B3f What Is the Potential Role for Male Circumcision to Prevent Transmission of HIV and Other STD in the United States?

Tuesday, March 9, 2010: 4:30 PM
Grand Ballroom A (M4) (Omni Hotel)
Peter Kilmarx, MD, Epidemiology Branch, Division of HIV/AIDS Prevention, Centers for Disease Control and Prevention, Atlanta, GA

Background:  Male circumcision (MC) has been shown to prevent transmission of HIV and other STD.  However, the epidemiology of HIV, STD, and MC in the United States differs from that in the sub-Saharan African clinical trial settings.  The CDC is drafting recommendations for MC for prevention of HIV and other adverse health outcomes in the United States, taking into account scientific evidence; review by external experts, government agencies, and professional societies; and public comment.

Objectives:  To review research, surveillance data, and other information relevant to MC and the prevention of HIV, STD, and other adverse health outcomes in the United States.

Methods:  A systematic literature review on the risks and benefits of MC was undertaken. Surveys of acceptability and feasibility were conducted among medical providers, insurance payers, and consumers (parents, adult men). Policy and ethical implications of elective MC were reviewed.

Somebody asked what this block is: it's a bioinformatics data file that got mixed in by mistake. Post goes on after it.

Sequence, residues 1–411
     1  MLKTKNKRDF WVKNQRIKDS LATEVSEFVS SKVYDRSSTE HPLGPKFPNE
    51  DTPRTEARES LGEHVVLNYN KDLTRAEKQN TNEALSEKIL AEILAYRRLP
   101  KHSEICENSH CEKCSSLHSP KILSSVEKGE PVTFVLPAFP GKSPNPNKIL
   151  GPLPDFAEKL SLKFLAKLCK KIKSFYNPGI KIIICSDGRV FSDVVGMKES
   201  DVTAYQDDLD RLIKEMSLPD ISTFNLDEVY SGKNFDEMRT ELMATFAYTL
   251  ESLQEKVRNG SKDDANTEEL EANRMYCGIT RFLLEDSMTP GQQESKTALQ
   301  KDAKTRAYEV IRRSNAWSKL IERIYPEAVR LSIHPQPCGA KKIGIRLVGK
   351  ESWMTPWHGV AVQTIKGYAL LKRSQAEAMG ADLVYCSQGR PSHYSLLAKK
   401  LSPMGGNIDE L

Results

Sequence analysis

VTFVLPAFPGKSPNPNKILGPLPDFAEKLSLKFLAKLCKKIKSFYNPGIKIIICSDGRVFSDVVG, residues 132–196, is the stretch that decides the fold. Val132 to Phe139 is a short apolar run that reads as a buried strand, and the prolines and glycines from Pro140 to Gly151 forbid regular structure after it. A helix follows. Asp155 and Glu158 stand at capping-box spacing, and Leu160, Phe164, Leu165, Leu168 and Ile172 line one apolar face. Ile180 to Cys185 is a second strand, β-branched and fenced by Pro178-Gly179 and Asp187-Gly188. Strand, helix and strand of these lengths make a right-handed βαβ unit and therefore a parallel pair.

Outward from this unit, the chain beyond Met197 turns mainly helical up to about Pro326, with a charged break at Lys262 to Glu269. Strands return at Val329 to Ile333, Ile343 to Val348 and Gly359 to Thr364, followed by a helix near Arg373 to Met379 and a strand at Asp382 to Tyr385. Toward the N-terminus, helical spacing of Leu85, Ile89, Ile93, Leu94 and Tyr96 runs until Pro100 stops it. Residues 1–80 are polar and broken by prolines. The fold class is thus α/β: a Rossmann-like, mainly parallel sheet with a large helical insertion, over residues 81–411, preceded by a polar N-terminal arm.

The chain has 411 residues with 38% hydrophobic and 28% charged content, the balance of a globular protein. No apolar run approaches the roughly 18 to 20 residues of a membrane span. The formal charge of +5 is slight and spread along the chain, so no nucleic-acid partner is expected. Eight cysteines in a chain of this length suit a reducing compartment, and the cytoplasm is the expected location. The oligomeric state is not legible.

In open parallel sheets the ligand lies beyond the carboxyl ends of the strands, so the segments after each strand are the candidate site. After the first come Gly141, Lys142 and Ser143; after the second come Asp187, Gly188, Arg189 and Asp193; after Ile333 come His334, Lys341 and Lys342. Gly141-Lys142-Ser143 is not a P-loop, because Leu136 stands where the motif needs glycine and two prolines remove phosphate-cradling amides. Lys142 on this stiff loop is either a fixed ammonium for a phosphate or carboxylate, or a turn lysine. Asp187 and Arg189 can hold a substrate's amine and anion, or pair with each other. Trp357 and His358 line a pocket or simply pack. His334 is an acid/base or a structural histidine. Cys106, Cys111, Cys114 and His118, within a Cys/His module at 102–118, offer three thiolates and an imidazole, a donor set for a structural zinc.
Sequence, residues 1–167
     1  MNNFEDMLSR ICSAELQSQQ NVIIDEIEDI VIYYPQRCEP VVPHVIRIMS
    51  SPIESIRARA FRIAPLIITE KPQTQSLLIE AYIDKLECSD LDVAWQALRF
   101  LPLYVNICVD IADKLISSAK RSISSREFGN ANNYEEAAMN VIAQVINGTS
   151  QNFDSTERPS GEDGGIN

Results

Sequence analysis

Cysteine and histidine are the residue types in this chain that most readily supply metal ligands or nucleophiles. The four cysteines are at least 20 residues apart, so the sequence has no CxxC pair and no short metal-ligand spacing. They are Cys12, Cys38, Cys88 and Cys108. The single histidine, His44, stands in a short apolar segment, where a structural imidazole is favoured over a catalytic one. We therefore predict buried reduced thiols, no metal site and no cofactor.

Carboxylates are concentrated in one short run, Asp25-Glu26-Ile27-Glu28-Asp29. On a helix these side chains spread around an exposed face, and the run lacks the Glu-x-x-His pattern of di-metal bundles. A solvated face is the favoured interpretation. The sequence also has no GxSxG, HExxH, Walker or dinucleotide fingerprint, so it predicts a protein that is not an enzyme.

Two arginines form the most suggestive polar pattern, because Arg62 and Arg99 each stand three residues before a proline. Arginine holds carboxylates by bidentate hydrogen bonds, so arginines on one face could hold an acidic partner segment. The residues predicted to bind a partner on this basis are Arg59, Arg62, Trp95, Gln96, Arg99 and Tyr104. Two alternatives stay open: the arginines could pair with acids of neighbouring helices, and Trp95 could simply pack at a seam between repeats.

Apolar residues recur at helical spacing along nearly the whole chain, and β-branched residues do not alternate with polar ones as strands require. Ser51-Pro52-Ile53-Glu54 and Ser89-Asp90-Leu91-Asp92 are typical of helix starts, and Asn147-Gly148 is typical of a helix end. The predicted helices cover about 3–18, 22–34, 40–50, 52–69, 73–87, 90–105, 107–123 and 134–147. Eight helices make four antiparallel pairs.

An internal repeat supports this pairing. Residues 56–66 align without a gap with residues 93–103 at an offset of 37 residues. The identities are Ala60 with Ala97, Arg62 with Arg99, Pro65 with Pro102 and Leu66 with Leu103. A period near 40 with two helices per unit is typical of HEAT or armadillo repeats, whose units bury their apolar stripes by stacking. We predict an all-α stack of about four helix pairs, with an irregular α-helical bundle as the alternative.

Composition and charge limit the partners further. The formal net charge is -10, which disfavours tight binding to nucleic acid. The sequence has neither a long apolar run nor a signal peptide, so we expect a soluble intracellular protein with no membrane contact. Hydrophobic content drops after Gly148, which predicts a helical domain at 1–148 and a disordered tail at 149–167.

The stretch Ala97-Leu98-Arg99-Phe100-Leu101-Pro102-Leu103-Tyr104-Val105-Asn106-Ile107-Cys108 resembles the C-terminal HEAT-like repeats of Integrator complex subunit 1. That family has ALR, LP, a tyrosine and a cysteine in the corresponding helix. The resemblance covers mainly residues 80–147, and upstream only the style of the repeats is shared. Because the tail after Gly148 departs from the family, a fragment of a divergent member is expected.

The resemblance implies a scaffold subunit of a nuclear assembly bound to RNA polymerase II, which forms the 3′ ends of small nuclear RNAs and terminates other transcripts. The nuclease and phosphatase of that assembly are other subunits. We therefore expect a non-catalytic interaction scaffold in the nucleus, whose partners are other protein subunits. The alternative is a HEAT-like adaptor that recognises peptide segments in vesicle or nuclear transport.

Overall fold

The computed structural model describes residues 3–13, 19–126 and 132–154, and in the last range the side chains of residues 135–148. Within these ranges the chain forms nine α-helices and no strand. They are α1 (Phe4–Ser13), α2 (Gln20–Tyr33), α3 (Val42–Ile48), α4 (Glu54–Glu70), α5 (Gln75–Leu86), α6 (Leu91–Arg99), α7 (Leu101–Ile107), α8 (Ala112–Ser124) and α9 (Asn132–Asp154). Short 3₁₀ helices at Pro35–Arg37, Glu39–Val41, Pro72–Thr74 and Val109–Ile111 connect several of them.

Results:  The United States differs from the clinical trial sites in ways that may limit the effectiveness of MC as a prevention tool. The prevalence of HIV is much lower (0.4% vs 6-19%, respectively). Furthermore, most cases of HIV among U.S. men are acquired through male-male sexual contact, and only ~15% are through high-risk heterosexual sex. The preventive benefit of MC among men who have sex with men is not well defined; a recent comprehensive meta-analysis of observational studies found no statistically significant overall association. Finally, the overall prevalence of MC among adult men is nearly 80%.

Conclusions:  The potential role of MC to limit HIV transmission in the United States may be limited, but there are specific considerations for high-risk heterosexual men, men who have sex with men, and male infants.

Implications for Programs, Policy, and/or Research:  Future activities should ensure access to accurate information to make evidence-based individual and policy decisions about MC.

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